While the context of the discussion was why he continues to start long-slumping third baseman Matt Carpenter, Cardinals manager Mike Shildt revealed what I believe to be a core element of his lineup management philosophy this week when he noted that he has “the back” of his (veteran) players.

Mike Shildt (Steve Mitchell/Imagn)

Anyone who has followed the Dexter Fowler situation since the day Shildt became manager already knew this, but the corollary has also been made clear this season. Rookies – even when among the very best prospects in the system and arriving in St. Louis in a hot spell – are played sparingly and not in meaningful situations. Examples include pitchers Ryan Helsley and Junior Fernandez and outfielders Lane Thomas and Randy Arozarena.

The only exception to this is Tommy Edman, who has been named by Shildt as a regular, despite not having a clear spot defensively. In order to protect regular at-bats for Carpenter (in my assessment), Edman was deployed out of position as the semi-regular right fielder in recent weeks – despite no professional experience as an outfielder and offensive splits that did not seem to explain why the better-hitting young outfielders were not tried instead.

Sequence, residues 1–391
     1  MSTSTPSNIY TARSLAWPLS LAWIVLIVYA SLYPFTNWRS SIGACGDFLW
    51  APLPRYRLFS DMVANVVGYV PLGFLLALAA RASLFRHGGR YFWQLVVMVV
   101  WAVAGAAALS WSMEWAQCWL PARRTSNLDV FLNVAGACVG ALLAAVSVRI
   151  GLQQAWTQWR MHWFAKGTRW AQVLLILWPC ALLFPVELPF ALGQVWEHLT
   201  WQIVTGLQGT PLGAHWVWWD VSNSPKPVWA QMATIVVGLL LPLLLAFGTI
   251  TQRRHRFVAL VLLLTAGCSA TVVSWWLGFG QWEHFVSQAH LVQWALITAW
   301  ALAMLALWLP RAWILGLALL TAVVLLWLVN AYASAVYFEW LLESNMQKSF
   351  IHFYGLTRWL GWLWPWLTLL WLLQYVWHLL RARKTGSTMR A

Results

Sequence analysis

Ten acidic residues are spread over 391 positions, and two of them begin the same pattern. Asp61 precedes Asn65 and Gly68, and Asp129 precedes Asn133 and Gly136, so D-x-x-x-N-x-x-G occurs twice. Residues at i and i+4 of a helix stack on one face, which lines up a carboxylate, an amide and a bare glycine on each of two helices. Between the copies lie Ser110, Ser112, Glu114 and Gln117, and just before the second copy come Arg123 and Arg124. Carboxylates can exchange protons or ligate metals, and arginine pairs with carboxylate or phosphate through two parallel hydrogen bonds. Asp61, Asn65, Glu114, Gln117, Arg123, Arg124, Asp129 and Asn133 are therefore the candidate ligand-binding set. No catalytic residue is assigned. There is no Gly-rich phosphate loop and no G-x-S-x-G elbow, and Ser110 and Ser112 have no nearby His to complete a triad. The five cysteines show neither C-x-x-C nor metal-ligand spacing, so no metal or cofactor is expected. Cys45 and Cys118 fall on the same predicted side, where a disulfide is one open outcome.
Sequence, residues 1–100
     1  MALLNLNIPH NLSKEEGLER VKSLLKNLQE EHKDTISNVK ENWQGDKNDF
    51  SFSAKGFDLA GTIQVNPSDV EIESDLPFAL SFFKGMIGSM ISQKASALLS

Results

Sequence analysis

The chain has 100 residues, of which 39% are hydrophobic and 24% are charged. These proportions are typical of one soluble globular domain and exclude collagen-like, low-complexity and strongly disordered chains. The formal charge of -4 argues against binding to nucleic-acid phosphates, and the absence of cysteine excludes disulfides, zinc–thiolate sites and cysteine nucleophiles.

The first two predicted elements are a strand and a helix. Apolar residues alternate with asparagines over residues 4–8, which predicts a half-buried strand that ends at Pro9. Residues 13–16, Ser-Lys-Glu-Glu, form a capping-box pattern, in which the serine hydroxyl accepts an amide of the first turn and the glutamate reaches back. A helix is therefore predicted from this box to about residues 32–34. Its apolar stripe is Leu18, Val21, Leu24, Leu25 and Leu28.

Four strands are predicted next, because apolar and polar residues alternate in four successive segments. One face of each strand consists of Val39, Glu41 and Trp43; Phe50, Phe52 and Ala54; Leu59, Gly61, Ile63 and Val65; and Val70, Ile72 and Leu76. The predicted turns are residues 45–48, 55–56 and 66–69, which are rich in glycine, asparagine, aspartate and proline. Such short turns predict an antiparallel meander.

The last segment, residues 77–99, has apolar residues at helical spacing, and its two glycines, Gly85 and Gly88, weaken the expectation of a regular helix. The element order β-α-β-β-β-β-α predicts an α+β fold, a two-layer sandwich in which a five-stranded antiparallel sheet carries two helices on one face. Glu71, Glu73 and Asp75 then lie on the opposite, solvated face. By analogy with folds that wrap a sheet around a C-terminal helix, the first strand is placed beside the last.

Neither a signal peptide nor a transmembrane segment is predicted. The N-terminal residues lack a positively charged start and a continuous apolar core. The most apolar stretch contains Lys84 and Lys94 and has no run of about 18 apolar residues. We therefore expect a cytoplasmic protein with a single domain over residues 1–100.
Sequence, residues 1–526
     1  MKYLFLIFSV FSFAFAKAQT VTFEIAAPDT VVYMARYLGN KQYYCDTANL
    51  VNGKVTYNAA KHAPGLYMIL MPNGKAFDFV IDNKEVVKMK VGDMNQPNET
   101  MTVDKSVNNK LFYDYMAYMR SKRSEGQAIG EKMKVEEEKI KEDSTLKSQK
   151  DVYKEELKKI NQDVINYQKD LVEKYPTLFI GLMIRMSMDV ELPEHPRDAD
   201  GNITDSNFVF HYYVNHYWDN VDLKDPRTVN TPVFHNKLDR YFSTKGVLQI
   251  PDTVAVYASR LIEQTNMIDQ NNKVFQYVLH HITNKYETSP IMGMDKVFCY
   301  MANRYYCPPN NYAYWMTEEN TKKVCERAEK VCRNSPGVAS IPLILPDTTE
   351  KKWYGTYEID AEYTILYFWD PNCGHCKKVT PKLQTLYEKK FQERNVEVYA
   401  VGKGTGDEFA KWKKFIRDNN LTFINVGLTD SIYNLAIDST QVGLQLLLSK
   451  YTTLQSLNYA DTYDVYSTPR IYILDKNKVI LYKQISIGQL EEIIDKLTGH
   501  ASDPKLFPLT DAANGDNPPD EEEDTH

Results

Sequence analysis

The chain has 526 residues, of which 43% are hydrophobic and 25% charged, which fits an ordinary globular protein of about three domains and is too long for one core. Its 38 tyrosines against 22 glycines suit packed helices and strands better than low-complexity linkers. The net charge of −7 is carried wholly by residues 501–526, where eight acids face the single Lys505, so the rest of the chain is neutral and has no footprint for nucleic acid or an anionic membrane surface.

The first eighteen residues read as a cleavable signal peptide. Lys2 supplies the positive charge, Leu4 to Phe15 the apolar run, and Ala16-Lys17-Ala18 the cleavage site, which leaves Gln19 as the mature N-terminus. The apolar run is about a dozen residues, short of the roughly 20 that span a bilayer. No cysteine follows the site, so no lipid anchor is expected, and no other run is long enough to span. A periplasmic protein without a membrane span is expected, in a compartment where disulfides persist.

Harrison Bader (Steve Mitchell/Imagn)

Harrison Bader, who was given four months to work out of a major slump of his own, was finally dispatched to Triple-A Memphis on July 29 to re-discover his swing and regain his confidence at the plate. With his mission accomplished, the center fielder was returned to St. Louis on Tuesday.

So far, in two games back, Bader has started both. This suggests to me that he may be another player who can feel that his manager has his back – as opposed to rookies Thomas and Arozarena, neither of whom has ever been given more than two consecutive starts in the majors.

So, where would Carlson fit in this veteran-rookie construct?

With that background, let’s get back to the four points affecting the prospect.


  1. Playing time

As noted above, some assume that Carlson would immediately out-hit whichever St. Louis outfielder he displaces. Let’s take these displacement candidates one-by-one.

Left field – While Marcell Ozuna’s future as an impending free agent may open the door for Carlson in 2020, there is no way the team’s best power threat will be displaced by Carlson in the final month of a pennant race.

Dexter Fowler (Steve Mitchell/Imagn)